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Improvement of GSM E-CITA localization algorithms' accuracy based on velocity estimation and further restriction of serving cell areas

IP.com Disclosure Number: IPCOM000012768D
Published in the IP.com Journal: Volume 3 Issue 6 (2003-06-25)
Included in the Prior Art Database: 2003-Jun-25
Document File: 3 page(s) / 926K

Publishing Venue

Siemens

Related People

Juergen Carstens: CONTACT

Abstract

There are many reasons for determining the position of mobile users in GSM networks, e.g. intercellular traffic distribution, location dependent services and emergency calls. A key factor for the success of any localization technology is its accuracy. Within the network based solutions, which means that the mobile equipment remains unchanged, one can determine the following methods: At first there is the method of using the plain Cell ID (CI), which just returns the weighted center of the serving cell as a position estimate. Cell ID plus Timing Advance (CI + TA) based methods also take into account an estimate of the mobile's distance to the Base Transceiver Station (BTS) but not the direction. Last there is the Enhanced Cell ID Timing Advance (E-CITA) method which also uses the signal strength RXLEV (Reception Level). For estimating the position of a Mobile Station (MS) using E-CITA every cell is divided into small squares called pixels (e.g. 5x5 m or 25x25 m) and must have a so-called prediction file associated with it that contains the predicted field strength or predicted path loss for every position (pixel) inside the cell. Beside the field strength of the serving cell the algorithm also relies on the predicted field strength of max. 6 out of up to 32 neighboring cells, so the predicted field strength of these cells are also needed for every pixel in the serving cell. An RF (Radio Frequency) planning tool calculates these values.

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Improvement of GSM E-CITA localization algorithms' accuracy based on velocity estimation and further restriction of serving cell areas

Idea: Mario Palma-Serrano, DE-Muenchen

There are many reasons for determining the position of mobile users in GSM networks, e.g. intercellular traffic distribution, location dependent services and emergency calls. A key factor for the success of any localization technology is its accuracy.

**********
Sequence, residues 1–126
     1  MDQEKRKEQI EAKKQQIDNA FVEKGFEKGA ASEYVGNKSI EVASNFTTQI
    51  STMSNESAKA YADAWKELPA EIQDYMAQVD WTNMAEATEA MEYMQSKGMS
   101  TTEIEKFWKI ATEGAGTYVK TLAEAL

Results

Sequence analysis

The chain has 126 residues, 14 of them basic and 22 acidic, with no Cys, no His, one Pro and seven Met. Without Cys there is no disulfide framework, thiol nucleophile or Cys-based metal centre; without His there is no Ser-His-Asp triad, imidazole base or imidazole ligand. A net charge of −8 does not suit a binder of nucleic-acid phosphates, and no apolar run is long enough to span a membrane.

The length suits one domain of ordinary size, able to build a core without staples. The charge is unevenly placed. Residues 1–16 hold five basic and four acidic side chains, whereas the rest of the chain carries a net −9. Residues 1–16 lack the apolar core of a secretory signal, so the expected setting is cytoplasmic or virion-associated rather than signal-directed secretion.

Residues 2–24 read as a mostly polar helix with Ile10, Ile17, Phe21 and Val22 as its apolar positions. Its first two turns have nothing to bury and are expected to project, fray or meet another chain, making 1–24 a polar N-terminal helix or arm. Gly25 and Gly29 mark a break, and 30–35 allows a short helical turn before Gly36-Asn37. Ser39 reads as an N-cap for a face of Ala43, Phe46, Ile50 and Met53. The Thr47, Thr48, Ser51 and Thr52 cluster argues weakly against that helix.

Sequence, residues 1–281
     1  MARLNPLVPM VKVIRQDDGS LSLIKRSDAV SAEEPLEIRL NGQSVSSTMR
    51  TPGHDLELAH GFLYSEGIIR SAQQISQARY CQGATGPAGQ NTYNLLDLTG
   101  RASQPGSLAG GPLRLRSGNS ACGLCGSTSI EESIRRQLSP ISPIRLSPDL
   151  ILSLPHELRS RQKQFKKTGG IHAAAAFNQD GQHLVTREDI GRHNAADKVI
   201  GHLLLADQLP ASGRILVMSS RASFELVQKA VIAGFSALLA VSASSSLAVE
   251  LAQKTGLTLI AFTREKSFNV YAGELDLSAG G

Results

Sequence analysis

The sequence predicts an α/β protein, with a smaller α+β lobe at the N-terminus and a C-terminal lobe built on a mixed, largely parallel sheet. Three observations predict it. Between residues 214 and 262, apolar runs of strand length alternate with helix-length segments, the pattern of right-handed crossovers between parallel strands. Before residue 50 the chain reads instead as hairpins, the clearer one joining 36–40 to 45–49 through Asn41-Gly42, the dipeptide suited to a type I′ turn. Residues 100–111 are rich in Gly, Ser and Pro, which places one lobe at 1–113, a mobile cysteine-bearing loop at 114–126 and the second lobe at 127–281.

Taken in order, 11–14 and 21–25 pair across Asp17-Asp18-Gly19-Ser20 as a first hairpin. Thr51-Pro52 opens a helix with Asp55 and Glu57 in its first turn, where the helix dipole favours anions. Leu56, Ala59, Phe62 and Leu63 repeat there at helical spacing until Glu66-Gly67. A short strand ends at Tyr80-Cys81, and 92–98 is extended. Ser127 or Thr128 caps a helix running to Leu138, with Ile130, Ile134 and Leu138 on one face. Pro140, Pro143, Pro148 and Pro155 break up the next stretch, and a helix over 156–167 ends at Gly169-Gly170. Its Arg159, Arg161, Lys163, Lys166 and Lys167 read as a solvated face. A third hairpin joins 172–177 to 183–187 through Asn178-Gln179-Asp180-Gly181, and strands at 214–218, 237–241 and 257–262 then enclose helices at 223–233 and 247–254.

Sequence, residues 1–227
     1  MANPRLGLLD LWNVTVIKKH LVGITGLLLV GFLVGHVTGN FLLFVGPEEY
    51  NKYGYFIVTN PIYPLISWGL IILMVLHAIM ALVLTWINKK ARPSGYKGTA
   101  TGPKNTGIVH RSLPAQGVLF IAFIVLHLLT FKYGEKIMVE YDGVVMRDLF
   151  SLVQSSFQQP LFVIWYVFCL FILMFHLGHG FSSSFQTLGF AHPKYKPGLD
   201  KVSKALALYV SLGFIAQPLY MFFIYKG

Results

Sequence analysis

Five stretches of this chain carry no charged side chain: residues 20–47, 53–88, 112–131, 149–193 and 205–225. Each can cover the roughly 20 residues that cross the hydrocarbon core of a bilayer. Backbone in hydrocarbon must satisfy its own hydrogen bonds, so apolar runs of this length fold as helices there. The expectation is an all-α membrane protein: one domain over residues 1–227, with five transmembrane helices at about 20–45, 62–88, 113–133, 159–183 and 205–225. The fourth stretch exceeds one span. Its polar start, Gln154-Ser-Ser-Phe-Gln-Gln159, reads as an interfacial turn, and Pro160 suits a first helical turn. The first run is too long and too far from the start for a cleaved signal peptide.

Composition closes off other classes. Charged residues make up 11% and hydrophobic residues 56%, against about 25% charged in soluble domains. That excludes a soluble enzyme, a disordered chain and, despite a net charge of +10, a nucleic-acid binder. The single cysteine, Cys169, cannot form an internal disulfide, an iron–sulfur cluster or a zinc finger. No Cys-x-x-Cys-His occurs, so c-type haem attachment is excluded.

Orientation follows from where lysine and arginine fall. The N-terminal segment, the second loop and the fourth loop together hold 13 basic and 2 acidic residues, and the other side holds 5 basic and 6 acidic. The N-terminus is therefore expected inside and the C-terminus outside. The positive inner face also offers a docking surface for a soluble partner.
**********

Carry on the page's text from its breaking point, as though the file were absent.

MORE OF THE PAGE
Within the network based solutions, which means that the mobile equipment remains unchanged, one can determine the following methods: At first there is the method of using the plain Cell ID (CI), which just returns the weighted center of the serving cell as a position estimate. Cell ID plus Timing Advance (CI + TA) based methods also take into account an estimate of the mobile's distance to the Base Transceiver Station (BTS) but not the direction. Last there is the Enhanced Cell ID Timing Advance (E- CITA) method which also uses the signal strength RXLEV (Reception Level).

For estimating the position of a Mobile Station (MS) using E-CITA every cell is divided into small squares called pixels (e.g. 5x5 m or 25x25 m) and must have a so-called prediction file associated with it that contains the predicted field strength or predicted path loss for every position (pixel) inside the cell. Beside the field strength of the serving cell the algorithm also relies on the predicted field strength of max. 6 out of up to 32 neighboring cells, so the predicted field strength of these cells are also needed for every pixel in the serving cell. An RF (Radio Frequency) planning tool calculates these values.

The Timing Advance and RXLEV values of the serving cell and up to six different cells are included in the measurement reports sent by the mobile device. The E-CITA algorithms then map these reports onto the pixel that matches best with the pre-calculated prediction data after reducing the search area by means the of CI and TA.

Field trials in the USA showed that most emergency calls come from suburban and rural areas where the current E-CITA algorithms perform worst. The following suggestion especially increases the accuracy of E-CITA for rural and suburban areas, where most emergency calls are made from a car, by taking into the account a velocity estimation of the mobile station. If the velocity exceeds a certain threshold (for example 20 km/h) we can determine that the measurement reports have been generated from a moving car. This gives us additional information to reduce the search area as only positions around roads and highw...